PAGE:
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Economics as Engineering

In my recent post on economics and physics I failed to convincingly communicate the key point I was trying to convey.  And in doing so I unfairly criticized the field of economics.  But I was trying to convey an important point and lucky for me, the readers here are smarter than I am and understand the point I am often trying to make better than I can communicate it.  This email from reader “Dale”, a systems engineer, beautifully expressed the point I was getting at:

“I think the comparison of Economics to Physics (science) is perhaps the wrong comparison.  Science is about building knowledge about the world (universe) around us by utilizing the scientific method.  The focus is on understanding a world that was not created by humans.  For example, does the Higgs Boson exist?  We now know it does.  Or understanding what happens when man-made systems interact with those that are not.  For example, does the generation of carbon dioxide by humans cause heating of the planet?  We now know the answer to that too.

That said, the U.S. monetary system is entirely a man-made system.  It was “engineered” (I use that term loosely) by us.  Yet we don’t seem to understand how it works — probably because it is a system that simply evolved instead of being “designed and implemented” from a documented set of blueprints.  I assume there are artifacts (e.g., policy documents) that define how certain parts of the system should behave.  However, given the difficulty that economists have in agreeing on basic concepts, my guess is that the parts of the system were defined without an understanding of their relationship to the whole.”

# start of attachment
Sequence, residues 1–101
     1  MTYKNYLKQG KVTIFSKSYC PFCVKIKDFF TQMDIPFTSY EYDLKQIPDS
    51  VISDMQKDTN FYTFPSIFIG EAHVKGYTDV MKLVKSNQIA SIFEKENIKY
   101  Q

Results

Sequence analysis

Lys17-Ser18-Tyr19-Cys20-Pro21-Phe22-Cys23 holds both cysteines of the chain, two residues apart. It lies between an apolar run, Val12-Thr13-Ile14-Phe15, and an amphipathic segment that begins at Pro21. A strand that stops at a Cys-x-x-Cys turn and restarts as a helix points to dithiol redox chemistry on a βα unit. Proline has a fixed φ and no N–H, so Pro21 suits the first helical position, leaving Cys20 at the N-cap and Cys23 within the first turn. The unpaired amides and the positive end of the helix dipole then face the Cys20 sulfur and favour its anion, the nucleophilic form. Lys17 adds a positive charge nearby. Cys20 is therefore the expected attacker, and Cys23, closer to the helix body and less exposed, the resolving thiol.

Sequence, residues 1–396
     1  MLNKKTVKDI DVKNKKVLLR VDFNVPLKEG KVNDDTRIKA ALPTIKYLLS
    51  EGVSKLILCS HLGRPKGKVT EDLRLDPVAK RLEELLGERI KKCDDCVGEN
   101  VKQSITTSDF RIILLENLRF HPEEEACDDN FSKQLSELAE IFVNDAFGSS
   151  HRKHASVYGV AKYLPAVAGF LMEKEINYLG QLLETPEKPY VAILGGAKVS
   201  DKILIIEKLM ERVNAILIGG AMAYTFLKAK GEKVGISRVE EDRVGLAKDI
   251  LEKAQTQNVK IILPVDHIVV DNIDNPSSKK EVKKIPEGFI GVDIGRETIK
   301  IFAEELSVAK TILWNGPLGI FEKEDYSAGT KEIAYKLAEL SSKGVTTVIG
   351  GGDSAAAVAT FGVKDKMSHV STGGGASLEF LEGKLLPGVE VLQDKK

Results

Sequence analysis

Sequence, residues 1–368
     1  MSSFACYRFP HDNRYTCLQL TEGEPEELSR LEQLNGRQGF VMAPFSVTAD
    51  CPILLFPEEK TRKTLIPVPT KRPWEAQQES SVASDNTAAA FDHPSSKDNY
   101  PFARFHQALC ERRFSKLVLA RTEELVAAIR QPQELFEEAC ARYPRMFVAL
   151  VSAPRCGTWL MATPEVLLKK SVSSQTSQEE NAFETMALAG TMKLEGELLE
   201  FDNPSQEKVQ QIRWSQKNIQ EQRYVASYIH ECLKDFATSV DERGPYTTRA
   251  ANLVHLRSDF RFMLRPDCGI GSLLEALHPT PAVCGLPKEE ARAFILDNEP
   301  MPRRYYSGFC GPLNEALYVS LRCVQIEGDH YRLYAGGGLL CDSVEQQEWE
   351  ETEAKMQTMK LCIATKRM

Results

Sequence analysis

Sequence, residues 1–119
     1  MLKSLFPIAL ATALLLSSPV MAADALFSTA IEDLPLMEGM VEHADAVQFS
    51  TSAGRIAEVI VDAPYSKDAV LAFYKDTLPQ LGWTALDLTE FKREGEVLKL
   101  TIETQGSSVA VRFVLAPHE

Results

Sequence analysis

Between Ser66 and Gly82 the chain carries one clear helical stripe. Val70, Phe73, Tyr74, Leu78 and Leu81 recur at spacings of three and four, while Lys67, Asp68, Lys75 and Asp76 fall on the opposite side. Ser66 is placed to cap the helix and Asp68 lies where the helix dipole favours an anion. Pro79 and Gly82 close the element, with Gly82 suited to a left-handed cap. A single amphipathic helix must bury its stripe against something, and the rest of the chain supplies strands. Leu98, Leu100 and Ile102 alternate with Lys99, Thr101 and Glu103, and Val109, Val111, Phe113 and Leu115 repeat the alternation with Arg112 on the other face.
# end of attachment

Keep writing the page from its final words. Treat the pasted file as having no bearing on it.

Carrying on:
This is a perfectly succinct point.  A monetary economy is not something that exists in the natural world.  It is a construct of the human mind.  As Dale states, it is engineered in a specific way and does not merely exist due to the existence of scarce resources and what not.  It exists because money is something we created from thin air to serve certain economic needs in the process of trying to access the physical world.  Dale continues by explaining how best to understand such a system:

“what is needed [to understand such a system] is a “reverse engineering” project performed by system engineers who can dissect the system into its component parts, observe behaviors, and build models to explain what happens when certain inputs are introduced.  In fact, that’s what I think you and others have been doing re: Monetary Realism.  From reading your work, I understand that our monetary system is a complex dynamic system — which explains why it is difficult to understand. “

Again, beautifully succinct and on point.  This is the basic approach I’ve taken through the development of Monetary Realism.  MR is, at its core, little more than an attempt to reverse engineer the evolution of the modern monetary system with the goal of understanding the system so that we can then input certain variables with the hope that we can then understand potential outputs.  I’d argue that my results in general macro forecasting over the last 5 years has proven that this form of thinking is on the right track, but there’s a lot of work to be done.  And if more economists learned to think more like engineers and less like physicists then it’s likely that people much smarter than myself would make much more progress here.


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